Médecins Sans Frontières – a humanitarian imperative

For many years, I have worked with and supported an independent non-governmental organisation, Médecins Sans Frontières, (Doctors Without Borders) which is passionate about what it does, taking medical care to different parts of the world in need.

There have been many times when we have felt the need to communicate our message about our work and what we stand for, asking journalists to assist us to spread the word and help us shape our strategy.

There have been many times when we have felt the need to communicate our message about our work and what we stand for, asking journalists to assist us to spread the word and help us shape our strategy.

Every day, we treat 1000s of patients in countries that include the Democratic Republic of Congo, Papua New Guinea and Jordan, dealing with conditions including HIV, TB, poor nutrition and the consequences of conflict and disaster. 

We work in conditions that are a world away from the Level 3 high-tech care offered to patients in the developed world. Instead we have to manage with basic resources and logistics, lack of healthcare professionals on the ground and, very often, a difficult situation to manage politically.  We are politically neutral and impartial so we aren’t against anyone or on anyone’s side. We will talk to everyone we need to to get the job done, including militias. We don’t take money from governments partly to ensure that we retain our independence, but sometimes we need to convince people that we are simply there to treat civilians that need to be assisted medically. In war zones, women continue to have babies and need emergency obstetric care. In conflicts, there are still cholera outbreaks. 

As an organisation, we are self critical and we know we can do so much more. When people come back from the field, they often report the limitations of what they were able to achieve.

As an organisation, we are self critical and we know we can do so much more. When people come back from the field, they often report the limitations of what they were able to achieve. 

We know it is all about getting access to people in need. If we can’t gain access, we can’t function.

We no longer work in Syria after we reported in 2014 that chemical neurotoxins were being used against civilians in Damascus. After we treated 1000s of people with acute respiratory symptoms due to gas poisoning, we were thrown out. We feel this very keenly because we believe there is a humanitarian imperative to step in when authorities and governments refuse or cannot protect their own people. We have a right to step in, but sometimes the situation is just too dangerous.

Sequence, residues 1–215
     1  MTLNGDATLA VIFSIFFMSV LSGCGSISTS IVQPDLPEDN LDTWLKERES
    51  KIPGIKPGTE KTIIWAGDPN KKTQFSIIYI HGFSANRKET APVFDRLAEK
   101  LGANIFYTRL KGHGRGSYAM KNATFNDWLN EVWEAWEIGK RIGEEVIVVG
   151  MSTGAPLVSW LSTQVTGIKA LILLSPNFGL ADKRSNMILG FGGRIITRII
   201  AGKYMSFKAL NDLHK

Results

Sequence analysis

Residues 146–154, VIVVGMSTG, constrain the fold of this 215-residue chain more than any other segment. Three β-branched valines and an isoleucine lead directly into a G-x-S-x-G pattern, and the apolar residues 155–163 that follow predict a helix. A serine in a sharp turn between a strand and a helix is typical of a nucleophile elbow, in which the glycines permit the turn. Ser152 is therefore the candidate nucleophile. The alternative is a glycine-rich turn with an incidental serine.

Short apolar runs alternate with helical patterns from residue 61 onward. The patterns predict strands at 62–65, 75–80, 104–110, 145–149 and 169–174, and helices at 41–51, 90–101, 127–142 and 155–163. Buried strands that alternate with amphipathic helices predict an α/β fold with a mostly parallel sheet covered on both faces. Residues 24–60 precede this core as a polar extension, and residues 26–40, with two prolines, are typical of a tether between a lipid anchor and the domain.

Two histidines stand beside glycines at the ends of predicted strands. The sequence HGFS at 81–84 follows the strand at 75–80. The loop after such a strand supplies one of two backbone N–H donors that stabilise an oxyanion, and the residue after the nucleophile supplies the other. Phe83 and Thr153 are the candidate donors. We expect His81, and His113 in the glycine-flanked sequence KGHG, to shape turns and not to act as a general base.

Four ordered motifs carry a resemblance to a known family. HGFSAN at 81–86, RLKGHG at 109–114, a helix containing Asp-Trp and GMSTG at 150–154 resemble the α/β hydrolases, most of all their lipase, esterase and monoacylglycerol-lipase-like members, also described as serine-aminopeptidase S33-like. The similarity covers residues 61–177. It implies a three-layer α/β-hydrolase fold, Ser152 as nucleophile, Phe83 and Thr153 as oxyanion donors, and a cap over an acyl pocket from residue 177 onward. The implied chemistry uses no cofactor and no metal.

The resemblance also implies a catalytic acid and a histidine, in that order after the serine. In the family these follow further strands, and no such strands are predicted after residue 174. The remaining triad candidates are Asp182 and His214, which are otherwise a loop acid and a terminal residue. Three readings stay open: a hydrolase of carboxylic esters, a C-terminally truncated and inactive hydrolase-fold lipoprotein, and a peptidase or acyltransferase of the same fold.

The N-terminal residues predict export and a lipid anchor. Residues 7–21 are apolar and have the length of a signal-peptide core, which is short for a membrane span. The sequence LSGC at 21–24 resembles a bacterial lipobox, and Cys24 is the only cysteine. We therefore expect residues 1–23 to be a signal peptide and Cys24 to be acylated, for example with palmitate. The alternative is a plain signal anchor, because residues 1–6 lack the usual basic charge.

We also spoke out when the US airforce bombed and destroyed the only remaining hospital in Afghanistan in 2015 in Kunduz – a level 3 trauma centre. Yes, we were treating some wounded militia members who had laid down their arms, alongside many civilians. But it must not become the accepted norm that hospitals can be legitimate targets. Our International President, Dr Joanne Liu, has addressed the UN on three occasions about this issue, insisting that medical teams should be protected in war zones. 

The refugee crisis is another area where MSF plays a major role. There are 65 million displaced people in the world and suddenly, many of them are on Europe’s doorstep. If you go further than the beaches of Sicily into the Med, you will come across a watery graveyard. MSF is part of a rescue operation that picks up these migrants. We have been accused recently of working with people traffickers to ensure the flow, but that is far from the situation. 

We have seen first hand what happens when families get trafficked and then run out of money to pay the traffickers. Women in the family are trafficked into sexual slavery and young boys will be abused. It can’t be right to sit back and do nothing in the face of such misery.

This is taken from a speech made by Dr Paul McMaster at the Hippocratic Awards for Student Medical Journalism at City, University of London, earlier this month.

Dr Paul McMaster

Dr Paul McMaster

Chairman of Medicins Sans Frontieres/Doctors without Borders. After a long career in medicine, British surgeon Paul McMaster made a decision that most 60-something retirees wouldn't: to work in conflict and crisis zones providing medical care to those who need it most.
Dr Paul McMaster

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